During the violence and afterwards, events on Saint Domingue served as a counter to white portraits of black subservience and subhumanity. Equally important, Haiti provided useful tactical advantages for African Americans. A number of black sailors and escaped slaves made the island a sanctuary in the nineteenth century. For the greater community of color, the island developed as an emblem of possibility and helped bolster morale and engender action. White fear when exposed to this more abstract sense of black collectivity, however, tended to mask a tentativeness and ambivalence that American people of color may also have had toward Haitian realities. Religious, cultural, and language differences, for example, served to retard the incorporation of slaves and people of color from the island into African-American communities. Ironically, white hysteria may have helped to forge a pan-black consciousness around Haiti where one did not immediately exist.
White hysteria itself, however, merits closer attention. While many white communities, slave holding and otherwise, understood Saint Domingue/Haiti only as an expression of black violence, at various points during the 1790s white reactions contained some ambiguity. Emergent Republicans in the mid-Atlantic and New England states voiced a degree of support for the notion of free colored equality in interpreting the early struggles on the island. More hesitant but still discernable was white support for the French policy of emancipation after 1794. Federalist president John Adams, engaged in the Quasi War with the French Republic later in the decade, supported the separatist inclinations of Haitian leader Toussaint-Louverture. Such reactions, however, had strong political motives; they had as much to do with American ideas about France and the French Revolution as they did with sensibilities about the universality of the rights of man or the injustice of slavery. White antislavery activists experienced a similar two-mindedness. Many seized on the slave violence on the island as proof of slavery's dangers. In a few instances these concerns fueled calls for immediate emancipation, but most often they translated into self-congratulatory sentiments regarding either gradual emancipation in the states north of Maryland or the perceived mildness of slavery in the American South.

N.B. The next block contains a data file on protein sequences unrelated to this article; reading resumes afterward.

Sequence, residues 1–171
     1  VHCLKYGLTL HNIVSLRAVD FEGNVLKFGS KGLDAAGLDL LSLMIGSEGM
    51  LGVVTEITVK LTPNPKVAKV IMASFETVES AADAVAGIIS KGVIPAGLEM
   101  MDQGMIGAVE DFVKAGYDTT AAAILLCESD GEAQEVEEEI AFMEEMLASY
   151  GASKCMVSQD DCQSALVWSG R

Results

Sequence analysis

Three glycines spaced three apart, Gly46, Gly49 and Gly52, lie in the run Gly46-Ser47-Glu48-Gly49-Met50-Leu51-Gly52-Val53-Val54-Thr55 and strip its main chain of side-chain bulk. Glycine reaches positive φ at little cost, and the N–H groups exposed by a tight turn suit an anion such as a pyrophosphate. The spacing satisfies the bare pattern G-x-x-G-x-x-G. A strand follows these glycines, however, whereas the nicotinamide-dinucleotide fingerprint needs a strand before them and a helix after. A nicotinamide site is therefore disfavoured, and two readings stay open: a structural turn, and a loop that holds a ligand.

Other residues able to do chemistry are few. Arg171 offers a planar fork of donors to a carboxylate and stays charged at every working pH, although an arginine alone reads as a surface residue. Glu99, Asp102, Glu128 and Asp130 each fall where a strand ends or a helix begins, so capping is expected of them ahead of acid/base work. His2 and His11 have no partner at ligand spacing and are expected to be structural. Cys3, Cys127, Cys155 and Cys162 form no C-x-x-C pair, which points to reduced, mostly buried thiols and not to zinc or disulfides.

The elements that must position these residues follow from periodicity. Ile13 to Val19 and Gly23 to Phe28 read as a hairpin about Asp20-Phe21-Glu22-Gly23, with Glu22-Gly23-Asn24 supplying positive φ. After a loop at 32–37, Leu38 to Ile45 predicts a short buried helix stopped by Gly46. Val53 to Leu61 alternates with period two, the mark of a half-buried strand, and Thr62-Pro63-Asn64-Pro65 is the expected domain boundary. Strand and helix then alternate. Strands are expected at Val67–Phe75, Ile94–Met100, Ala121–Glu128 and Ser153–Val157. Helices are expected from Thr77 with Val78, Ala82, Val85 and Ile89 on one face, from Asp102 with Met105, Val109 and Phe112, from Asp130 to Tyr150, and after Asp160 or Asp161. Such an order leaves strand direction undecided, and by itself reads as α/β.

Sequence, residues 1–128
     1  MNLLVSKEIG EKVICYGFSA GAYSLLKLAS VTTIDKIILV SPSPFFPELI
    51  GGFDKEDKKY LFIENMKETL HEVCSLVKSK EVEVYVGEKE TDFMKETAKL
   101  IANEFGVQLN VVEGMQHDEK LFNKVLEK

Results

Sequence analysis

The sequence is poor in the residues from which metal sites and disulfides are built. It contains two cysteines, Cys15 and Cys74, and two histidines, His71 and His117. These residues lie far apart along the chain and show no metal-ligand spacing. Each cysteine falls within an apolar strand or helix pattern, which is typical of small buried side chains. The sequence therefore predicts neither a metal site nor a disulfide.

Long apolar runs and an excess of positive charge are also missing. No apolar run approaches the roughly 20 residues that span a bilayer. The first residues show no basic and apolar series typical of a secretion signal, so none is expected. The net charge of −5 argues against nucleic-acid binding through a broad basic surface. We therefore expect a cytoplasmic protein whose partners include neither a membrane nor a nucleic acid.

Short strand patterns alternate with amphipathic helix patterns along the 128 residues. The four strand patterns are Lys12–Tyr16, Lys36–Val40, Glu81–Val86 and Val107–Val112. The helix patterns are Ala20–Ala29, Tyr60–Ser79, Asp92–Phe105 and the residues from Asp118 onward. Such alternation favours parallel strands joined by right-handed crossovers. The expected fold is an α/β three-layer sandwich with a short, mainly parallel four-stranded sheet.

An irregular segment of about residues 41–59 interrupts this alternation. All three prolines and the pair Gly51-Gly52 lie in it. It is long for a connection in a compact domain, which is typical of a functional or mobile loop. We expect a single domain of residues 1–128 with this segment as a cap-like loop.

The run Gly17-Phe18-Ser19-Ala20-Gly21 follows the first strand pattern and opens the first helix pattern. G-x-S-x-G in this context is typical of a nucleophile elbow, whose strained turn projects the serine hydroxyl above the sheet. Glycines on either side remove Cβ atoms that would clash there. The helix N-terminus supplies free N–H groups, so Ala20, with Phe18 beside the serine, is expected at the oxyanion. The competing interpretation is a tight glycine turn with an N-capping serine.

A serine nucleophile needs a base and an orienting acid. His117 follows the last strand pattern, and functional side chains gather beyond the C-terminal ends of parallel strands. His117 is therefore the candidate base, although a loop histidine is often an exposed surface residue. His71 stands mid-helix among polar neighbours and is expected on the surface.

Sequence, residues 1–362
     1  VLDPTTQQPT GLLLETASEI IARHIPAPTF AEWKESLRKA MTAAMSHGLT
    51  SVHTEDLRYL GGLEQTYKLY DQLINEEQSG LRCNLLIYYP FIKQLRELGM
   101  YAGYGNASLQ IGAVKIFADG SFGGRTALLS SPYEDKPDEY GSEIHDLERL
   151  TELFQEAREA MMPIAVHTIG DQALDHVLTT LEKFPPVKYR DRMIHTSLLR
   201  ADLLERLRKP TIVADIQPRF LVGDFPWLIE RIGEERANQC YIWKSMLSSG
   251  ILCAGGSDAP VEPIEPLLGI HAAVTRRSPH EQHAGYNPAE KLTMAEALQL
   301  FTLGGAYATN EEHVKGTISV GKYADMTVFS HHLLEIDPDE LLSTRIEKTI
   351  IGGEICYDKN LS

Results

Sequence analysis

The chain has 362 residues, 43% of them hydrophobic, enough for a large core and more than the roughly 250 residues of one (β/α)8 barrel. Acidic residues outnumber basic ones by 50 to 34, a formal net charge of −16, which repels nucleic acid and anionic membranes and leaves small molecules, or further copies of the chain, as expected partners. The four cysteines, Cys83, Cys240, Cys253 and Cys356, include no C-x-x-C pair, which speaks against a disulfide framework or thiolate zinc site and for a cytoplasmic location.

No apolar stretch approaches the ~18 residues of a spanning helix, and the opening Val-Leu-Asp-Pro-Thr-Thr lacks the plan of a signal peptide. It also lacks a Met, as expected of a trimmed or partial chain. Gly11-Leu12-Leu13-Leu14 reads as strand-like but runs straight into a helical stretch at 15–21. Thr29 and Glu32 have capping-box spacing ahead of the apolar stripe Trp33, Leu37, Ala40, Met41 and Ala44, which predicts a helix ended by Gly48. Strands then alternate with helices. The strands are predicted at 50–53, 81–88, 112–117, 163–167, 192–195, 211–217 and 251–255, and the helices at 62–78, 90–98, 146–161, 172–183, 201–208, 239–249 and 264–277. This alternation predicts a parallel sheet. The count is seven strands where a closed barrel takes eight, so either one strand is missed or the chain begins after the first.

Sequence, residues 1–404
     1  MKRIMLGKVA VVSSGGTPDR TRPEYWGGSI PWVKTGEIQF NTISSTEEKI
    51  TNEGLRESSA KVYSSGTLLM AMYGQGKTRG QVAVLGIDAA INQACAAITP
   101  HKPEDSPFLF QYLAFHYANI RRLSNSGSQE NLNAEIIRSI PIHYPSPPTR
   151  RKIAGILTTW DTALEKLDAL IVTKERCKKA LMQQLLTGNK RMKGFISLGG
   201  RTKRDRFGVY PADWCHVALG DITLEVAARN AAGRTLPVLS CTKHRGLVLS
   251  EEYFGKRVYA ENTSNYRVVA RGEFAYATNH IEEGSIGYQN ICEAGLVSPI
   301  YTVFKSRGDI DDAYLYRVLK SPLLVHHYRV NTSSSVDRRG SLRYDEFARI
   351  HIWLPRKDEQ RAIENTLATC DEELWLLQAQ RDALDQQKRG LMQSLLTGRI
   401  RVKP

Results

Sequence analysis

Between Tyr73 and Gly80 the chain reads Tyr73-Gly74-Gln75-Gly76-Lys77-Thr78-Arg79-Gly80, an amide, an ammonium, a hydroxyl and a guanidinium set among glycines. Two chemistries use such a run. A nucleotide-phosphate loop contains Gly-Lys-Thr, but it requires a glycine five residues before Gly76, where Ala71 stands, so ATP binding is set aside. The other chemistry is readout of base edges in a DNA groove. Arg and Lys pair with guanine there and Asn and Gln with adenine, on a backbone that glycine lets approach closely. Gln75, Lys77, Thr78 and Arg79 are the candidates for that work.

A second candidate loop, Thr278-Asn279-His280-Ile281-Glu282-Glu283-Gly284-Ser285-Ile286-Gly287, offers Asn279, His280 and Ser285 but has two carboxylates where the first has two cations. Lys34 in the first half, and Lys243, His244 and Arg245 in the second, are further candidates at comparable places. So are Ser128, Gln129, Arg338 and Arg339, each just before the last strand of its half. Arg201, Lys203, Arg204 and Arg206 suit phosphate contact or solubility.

In the end, white reactions to the Haitian Revolution demonstrate the fact that unfettered black freedom and citizenship were inconceivable to most white minds in the nineteenth century. As commercial contact between the island nation and the United States dwindled in the antebellum period, Haiti was reduced to a symbol in American minds. Among white commentators, this was made evident in the repeated invocation of "Hayti" as a place of violence and despair. Both Nat Turner's revolt in 1831 and John Brown's raid of 1859, neither of which had any demonstrable connection to Haiti, were discussed in relation to the island. A similar symbolic use of the Caribbean nation by African Americans is evident in writings such as David Walker's Appeal (1829) and in efforts such as those mounted by Prince Saunders to facilitate emigration of free African Americans to Haiti in the 1810s and 1820s. "Hayti," therefore, as a place of anarchy or as a beacon of hope, was imagined by Americans more than it was experienced. As such, exploring its meaning in American minds tells as much about the observers as the observed.
Bolster, W. Jeffrey. Black Jacks: African American Seamen in the Age of Sail. Cambridge, Mass.: Harvard University Press, 1997.
Dixon, Chris. African America and Haiti: Emigration and Black Nationalism in the Nineteenth Century. Contributions in American History, no. 186. Westport, Conn., and London: Greenwood Press, 2000.
Geggus, David P., ed. The Impact of the Haitian Revolution in the Atlantic World: The Carolina Lowcountry and the Atlantic World. Columbia: University of South Carolina Press, 2001.
Trouillot, Michel-Rolph. Silencing the Past: Power and the Production of History. Boston: Beacon Press, 1995.
james alexander dun (2005)